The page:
By Cyn Njideka AmeriCorps member, UCLA Community School
Debbie Bailey is the Behavior Support Counselor at UCLA Community School. Ms. Bailey addresses student behavioral concerns using evidence-based social work approaches. She ensures students feel heard, supported, and cared for as well as empowered to advocate for themselves and those in their community.
Q: What has been City Year’s impact at UCLA Community School?
A: The City Year AmeriCorps members are really excellent at making connections with students in a way that’s really different from teachers and support staff. I liken it to being an aunt or an uncle because a lot of the time there are things that kids will tell their aunt or uncle that they won’t tell their parents. Our AmeriCorps members, along with those of us on staff, are a collective working to help the child. So, I really appreciate that.
Q: How does having a City Year mentor in a student's life make a difference?
A: From being strong role models to being just caring adults that listen, there are some kids who really are forever touched by the roles that you all play in their lives. When you study resiliency in children, especially resilience from trauma, one huge resiliency factor is if they’ve had an adult in their life that’s made a difference, or made them feel worthwhile. I feel like that’s something that you all definitely do every day. It’s huge. It’s wow. Thank you.
Q: How do teachers and City Year AmeriCorps members collaborate in the classroom?
A: When I go into classrooms, I see you all working one-on-one with students or working with small groups. I see you walking around, maybe a bit of classroom management, but it seems like when you are around, classroom management is just better naturally. I think students begin to feel like their needs are being met. A lot of when kids get in trouble it’s usually because a need isn’t being met or because they need attention.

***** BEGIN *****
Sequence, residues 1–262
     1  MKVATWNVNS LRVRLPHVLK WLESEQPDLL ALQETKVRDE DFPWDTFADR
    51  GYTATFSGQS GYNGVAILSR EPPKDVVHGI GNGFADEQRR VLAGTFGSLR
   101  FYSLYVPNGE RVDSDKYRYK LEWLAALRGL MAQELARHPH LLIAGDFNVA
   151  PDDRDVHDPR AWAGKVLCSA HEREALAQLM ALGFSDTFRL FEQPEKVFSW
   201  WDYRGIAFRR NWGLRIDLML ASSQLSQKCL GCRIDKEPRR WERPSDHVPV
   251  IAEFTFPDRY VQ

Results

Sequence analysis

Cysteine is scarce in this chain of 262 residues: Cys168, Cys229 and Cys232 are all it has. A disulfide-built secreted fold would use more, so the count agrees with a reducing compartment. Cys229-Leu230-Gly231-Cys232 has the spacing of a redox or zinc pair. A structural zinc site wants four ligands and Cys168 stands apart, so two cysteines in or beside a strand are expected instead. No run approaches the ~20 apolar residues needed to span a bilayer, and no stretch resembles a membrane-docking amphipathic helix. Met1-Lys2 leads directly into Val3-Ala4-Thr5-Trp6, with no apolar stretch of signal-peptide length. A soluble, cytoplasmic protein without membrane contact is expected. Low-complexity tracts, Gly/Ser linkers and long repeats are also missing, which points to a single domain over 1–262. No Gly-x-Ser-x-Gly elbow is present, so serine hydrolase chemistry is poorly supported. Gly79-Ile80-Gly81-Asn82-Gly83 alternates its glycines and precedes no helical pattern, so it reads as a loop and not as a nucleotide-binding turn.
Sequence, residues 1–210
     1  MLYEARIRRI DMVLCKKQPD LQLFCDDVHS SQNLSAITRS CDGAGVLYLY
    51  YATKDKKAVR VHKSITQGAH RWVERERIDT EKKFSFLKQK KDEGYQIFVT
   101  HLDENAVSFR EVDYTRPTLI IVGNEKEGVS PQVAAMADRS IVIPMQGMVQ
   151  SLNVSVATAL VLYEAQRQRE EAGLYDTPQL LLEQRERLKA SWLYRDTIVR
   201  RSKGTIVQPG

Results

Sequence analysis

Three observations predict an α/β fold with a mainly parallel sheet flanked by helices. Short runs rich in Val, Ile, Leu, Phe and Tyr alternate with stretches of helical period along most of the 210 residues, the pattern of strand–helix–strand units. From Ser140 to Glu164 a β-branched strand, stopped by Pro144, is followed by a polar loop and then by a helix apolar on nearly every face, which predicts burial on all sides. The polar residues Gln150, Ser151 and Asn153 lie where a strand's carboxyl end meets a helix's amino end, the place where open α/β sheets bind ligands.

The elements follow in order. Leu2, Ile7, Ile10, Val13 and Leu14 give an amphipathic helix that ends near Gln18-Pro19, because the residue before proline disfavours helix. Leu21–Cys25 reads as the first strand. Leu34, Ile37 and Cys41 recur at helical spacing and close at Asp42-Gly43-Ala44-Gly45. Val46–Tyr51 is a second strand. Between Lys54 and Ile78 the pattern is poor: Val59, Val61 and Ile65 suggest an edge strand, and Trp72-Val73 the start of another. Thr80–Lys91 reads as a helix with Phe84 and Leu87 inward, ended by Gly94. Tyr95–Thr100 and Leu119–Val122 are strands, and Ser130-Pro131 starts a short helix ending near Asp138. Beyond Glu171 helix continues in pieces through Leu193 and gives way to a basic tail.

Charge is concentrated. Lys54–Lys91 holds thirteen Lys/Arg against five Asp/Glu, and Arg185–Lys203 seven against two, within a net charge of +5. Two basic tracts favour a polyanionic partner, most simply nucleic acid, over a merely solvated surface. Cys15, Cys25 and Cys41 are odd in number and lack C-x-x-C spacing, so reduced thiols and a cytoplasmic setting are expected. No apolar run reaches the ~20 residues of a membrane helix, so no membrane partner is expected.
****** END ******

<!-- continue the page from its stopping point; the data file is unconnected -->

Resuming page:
The collaboration is key. You collaborate with teachers to make sure what needs to get done happens, and you really ensure that it happens. From what I’ve seen [City Year] is a lot more collaborative than most other programs.
I think your philosophy works really well with our school, actually all schools that I’ve talked to that have City Year really really respect and appreciate the corps members. When City Year comes up on the budget and people are asking “do we really need this” the answer is always an unequivocal “yes!”
Q: What is your favorite thing about City Year?
A: I just love the AmeriCorps members. You’re each so different, and you all seem to connect with different kids in different ways. You’re really energetic and enthusiastic, and I know you’re basically working for peanuts. It’s something that I would have been proud to be a part of at your age.
Q: How does having City Year on the school campus affect the school environment?
A: I think of you guys as the bright yellow sprinkles on the cupcake. Things would function without you, but not nearly as well. Just having you here, just creates a feeling of happiness, which is more than sprinkles actually. It just enhances everything.
Q: What message would you like to leave for the team?
A: You guys know how to make every situation work. #Flexibility. You all are a positive force here.
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